The data used by executives and managers, for instance, to plan production to meet demand or drive R&D for new product or service capabilities, tends to be a small set of information picked from sources individuals know through their area of the business. They typically use spreadsheets to analyze and report on these tiny data samples. Many companies don’t organize their data with a view toward making it available for business analytics, but do only the minimum necessary to store and safeguard data against cybercrime or to meet regulatory mandates for audits and reporting.
Opening data and analytics opportunities.
When we work with clients to prepare a technology modernization, we can help them develop a data-driven business culture organically, without disrupting how people and processes work. We usually review their business processes and systems, along with their data landscape and data management. We make recommendations for improving business processes that could be simpler and more productive. We also help them shift their business practices toward empowering people in every position to use data to make sound decisions and deliver value to the organization. Technology leaders like Microsoft have paved the way to democratizing data analytics and enabling business users to gain data intelligence without having to request assistance from IT.
Cultivating data intelligence.
Once stakeholders see what they can accomplish with data generated by their ERP and CRM systems at every transaction, they become interested in the potential of their other data stores and sources. That opens the door to delivering role-based intelligence through dashboards, which are often the starting point of a major change in the business culture. Sikich helps clients explore, design, and build their data models so they can generate the kind of visualizations that deliver insights which are informative, intuitive, easy to use, and relevant. Armed with valuable insights, business users can become enthusiastic ambassadors for modern data analytics. That attitude of empowerment helps organizations evolve data-driven business cultures.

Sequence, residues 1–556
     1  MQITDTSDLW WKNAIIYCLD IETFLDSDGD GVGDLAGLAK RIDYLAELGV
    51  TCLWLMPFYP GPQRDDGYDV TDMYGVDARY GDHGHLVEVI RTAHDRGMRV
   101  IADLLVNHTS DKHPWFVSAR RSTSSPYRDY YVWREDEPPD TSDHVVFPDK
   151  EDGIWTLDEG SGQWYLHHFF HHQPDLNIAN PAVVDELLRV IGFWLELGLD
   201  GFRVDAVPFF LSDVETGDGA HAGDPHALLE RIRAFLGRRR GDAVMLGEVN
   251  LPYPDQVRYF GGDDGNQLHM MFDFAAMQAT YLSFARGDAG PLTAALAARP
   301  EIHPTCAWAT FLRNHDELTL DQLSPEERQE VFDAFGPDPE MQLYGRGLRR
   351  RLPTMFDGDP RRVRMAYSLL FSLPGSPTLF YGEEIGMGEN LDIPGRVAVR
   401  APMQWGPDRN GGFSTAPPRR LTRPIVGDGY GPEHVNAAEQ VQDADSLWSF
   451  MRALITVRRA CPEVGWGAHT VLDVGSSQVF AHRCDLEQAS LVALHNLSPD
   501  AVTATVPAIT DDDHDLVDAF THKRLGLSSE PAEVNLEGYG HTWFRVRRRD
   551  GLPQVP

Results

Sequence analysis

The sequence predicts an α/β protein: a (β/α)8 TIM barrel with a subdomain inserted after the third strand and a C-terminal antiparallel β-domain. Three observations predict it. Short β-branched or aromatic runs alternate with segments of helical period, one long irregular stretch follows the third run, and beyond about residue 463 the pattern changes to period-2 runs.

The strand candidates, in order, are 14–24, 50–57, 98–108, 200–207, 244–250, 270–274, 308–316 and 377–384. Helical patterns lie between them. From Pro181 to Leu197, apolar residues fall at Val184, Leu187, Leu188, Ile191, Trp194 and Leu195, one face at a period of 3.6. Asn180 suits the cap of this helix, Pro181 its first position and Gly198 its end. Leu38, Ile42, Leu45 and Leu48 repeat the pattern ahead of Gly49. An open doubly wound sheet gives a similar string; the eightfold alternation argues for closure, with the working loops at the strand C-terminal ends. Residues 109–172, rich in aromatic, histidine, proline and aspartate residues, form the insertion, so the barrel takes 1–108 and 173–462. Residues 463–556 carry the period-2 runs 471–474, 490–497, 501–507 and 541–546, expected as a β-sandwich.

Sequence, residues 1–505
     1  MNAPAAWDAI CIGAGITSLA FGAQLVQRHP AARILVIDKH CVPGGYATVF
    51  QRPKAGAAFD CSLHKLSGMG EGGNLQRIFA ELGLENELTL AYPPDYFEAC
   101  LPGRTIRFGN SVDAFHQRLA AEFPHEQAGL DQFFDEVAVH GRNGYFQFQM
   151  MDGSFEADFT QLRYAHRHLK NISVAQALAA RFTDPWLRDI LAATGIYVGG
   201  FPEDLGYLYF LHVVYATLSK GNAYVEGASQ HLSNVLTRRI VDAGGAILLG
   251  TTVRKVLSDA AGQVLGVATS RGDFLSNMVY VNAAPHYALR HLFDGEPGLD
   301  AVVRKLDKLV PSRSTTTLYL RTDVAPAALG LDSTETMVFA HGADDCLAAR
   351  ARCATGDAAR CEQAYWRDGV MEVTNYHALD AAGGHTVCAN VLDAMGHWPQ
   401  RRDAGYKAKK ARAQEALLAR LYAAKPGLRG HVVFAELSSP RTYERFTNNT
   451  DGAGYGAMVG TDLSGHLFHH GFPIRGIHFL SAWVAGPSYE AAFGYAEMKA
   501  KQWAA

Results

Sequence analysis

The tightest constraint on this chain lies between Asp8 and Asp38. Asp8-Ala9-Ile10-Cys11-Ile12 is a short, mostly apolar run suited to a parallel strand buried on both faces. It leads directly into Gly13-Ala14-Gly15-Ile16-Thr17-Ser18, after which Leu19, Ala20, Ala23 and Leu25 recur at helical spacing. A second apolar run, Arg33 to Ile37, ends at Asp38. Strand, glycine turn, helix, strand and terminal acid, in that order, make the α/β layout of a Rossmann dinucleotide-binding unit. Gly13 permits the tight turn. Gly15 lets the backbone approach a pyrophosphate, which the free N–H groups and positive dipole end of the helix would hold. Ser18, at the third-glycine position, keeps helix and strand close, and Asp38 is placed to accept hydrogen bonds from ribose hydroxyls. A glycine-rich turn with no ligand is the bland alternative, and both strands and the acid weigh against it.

ERP is the start of your data and analytics journey
ERP, much like other systems that yield data, doesn’t fully deliver its value until you make sense of that data to drive better decision-making and imbue business roles with intelligence. At Sikich, we know how to broaden companies’ data analytics efforts to encompass their other systems and data stores without complicating users’ lives or adding workloads to IT.
Just like we always try to place major ERP and CRM projects in the context of business strategies and industry opportunities, we help clients expand their perspectives with data insight and ask wide-ranging, important questions to which they might not have previously been able to apply analytics. In many engagements, adding data analytics to the scope of a project requires many of the same steps that we already plan when we prepare an ERP deployment. For instance, in many organizations a successful ERP undertaking requires creating a unified data management strategy and an effective data model, overcoming the fragmentation and inconsistencies of disparate specialty and legacy systems. Those activities also prepare the ground for data analytics.
When projects comprise both ERP and data analytics, ERP deployments can continue to happen quickly and smoothly. But, with the added dimension of data analytics, they can help a company achieve better outcomes from their ERP system and other data sources. They can then use their data assets, translated into insight, to help innovate products and services, forecast and evaluate acquisitions, optimize the supply chain, and lots more.
Here to help
Sikich is ready to work with you to gain insight from data, no matter if you already implemented ERP with another technology partner, are considering a new ERP implementation or upgrade, or rely on other data sources. It is not too late for those organizations which have completed their rollout of new ERP and CRM technology without including the dimension of data and analytics. Sikich will meet you where you are and help you take that next step forward towards a data-centric culture. Contact the Sikich team.